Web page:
Here we are, poking fun at that powerful, yet delicate, and sometimes malfunctioning, piece of anatomy called the human brain.
Investor biases fall into two categories: Cognitive Biases and Emotional Biases. Some call them “heuristics” – or simple rules of thumb, beliefs, or judgement calls – but they are much more than that.
Why do I spend time on this topic? Because it is important for a financial advisor to recognize investor biases to be able to give the best financial advice and guidance. In reality, oftentimes this skill helps us to protect investors from themselves.
This is the “it’s not really so bad” mental justification that often occurs when a favoured stock or fund drops 50% and the investor still loves it.
Defined as “a state of mental imbalance that occurs when contradictory cognitions bump into one another.” The situation becomes psychologically uncomfortable.
What happens when glaring reality meets steadfast perception?
Investors are motivated to try to reduce this “dissonance” through rationalizing it away – why it is, or is not, fine. People will go to great lengths to convince themselves that they made the right decision. (Some of this is ludicrous. I am going to write a book on that someday. It will be a black comedy.)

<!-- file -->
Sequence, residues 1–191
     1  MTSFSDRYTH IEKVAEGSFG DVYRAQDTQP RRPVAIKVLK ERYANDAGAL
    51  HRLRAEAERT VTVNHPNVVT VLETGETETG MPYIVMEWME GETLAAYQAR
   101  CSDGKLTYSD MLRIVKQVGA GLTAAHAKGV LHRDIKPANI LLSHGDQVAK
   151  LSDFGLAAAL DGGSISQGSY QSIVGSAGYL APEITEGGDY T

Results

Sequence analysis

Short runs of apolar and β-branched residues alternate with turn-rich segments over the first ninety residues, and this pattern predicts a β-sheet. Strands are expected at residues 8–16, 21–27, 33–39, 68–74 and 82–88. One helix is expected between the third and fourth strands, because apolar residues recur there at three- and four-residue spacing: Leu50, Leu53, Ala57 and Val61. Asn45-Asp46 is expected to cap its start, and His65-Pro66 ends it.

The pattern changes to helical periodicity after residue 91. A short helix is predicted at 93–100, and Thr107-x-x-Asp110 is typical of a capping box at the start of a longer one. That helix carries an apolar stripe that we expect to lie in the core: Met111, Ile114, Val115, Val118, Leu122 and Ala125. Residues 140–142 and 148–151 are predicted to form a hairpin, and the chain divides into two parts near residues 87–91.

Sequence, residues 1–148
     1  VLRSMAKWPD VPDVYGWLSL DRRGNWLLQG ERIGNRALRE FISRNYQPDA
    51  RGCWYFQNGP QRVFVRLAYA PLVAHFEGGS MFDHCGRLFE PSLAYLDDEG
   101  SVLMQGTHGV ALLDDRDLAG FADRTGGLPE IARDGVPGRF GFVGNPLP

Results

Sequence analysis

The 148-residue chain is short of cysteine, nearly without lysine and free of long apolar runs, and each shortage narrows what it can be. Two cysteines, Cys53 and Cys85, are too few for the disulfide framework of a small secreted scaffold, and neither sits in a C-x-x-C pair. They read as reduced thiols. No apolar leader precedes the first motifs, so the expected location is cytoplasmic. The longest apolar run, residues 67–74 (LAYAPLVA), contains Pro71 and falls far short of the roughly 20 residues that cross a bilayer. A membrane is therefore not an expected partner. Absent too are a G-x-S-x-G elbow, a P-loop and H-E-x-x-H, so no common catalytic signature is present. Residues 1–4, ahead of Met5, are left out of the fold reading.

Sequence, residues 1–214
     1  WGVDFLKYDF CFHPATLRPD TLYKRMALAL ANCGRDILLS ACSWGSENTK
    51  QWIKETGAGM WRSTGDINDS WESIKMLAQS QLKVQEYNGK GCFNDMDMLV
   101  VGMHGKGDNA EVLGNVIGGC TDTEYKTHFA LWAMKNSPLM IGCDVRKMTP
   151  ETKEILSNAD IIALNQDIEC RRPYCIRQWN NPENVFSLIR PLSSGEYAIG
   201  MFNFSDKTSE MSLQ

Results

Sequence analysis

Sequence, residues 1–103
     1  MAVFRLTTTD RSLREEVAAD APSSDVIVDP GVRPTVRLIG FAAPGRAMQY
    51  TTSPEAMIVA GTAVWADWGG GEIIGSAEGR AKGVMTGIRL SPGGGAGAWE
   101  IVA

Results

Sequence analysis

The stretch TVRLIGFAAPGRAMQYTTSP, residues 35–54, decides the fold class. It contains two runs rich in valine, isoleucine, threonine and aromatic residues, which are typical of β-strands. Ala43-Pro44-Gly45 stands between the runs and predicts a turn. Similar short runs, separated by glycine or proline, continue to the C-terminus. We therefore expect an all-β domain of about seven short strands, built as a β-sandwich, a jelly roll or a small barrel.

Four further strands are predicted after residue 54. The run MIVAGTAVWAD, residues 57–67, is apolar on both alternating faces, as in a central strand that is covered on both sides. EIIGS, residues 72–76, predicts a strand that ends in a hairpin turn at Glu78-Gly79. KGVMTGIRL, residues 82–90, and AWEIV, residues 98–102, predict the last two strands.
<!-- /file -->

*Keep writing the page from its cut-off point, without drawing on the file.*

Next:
The Status Quo
Have you ever heard of the “paralysis of analysis”? This falls into the status quo emotional bias.
Defined as “a predisposition of people, when faced with a wide variety of choices, to choose to keep things the same.”
This is easy to fall into, because it is easy to do nothing and/or avoid taking responsibility. It drives your advisor crazy!
This bias can cause investors to hold investments which they are emotionally fond of or comfortable with for no quantifiable reason.
Unfortunately, investors end up sabotaging their own progress toward achieving their financial goals with this bias.
Want to talk through your situation? Contact our team and we’ll be happy to help.